- Sweating on the sparring partner – That usually happens when you are in a fast pace roll and your Gi is all over the place and your chest/belly are exposed. Also, please don’t go shirtless if you have a hairy chest. Once I rolled with that guy and I had to tap because he was in side-control pressuring my head and his chest hair was in my mouth while I had nowhere to go. I avoided rolling with him after that.
If you are a man, you can go shirtless but that’s definitely not the case with women. So a rashguard is a must. Another problem is that your gi pants will slide down no matter how good you tie them up. That means you also 100% need to wear spats or just shorts.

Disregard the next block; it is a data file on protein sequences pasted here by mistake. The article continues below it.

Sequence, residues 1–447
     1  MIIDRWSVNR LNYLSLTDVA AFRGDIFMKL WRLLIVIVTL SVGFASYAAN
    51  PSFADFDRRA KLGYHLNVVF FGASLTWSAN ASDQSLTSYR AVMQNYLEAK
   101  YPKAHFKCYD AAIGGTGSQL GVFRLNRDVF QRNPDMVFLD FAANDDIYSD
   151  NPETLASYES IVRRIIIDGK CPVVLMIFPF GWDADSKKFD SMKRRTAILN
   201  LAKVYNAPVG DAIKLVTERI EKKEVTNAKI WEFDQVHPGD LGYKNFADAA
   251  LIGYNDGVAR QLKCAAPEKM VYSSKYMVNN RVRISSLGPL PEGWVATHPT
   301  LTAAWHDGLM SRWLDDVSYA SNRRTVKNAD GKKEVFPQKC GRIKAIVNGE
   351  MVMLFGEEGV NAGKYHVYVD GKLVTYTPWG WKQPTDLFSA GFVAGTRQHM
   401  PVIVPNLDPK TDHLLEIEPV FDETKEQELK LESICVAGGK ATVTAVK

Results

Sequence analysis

I have a quick tip that isn’t related exactly to clothing for the ladies that read this article. Please remove any make-up before sessions. Also, cut your nails and don’t use bobby pins in your hair. Nobody likes stains from make-up on their Gi or to be scratched by long finger/toes nails or a sharp metal item (like bobby pin).
Before going to a competition it’s a good idea to check the rules. In some competitions wearing a rashguard (or anything besides underwear) under your Gi might be forbidden. In other’s that might be completely ok. Rules can vary from tournament to tournament (the same goes for wearing a steel cup).
Unlike men, women are always allowed to wear rashguards under their Gis in competition for understandable reasons.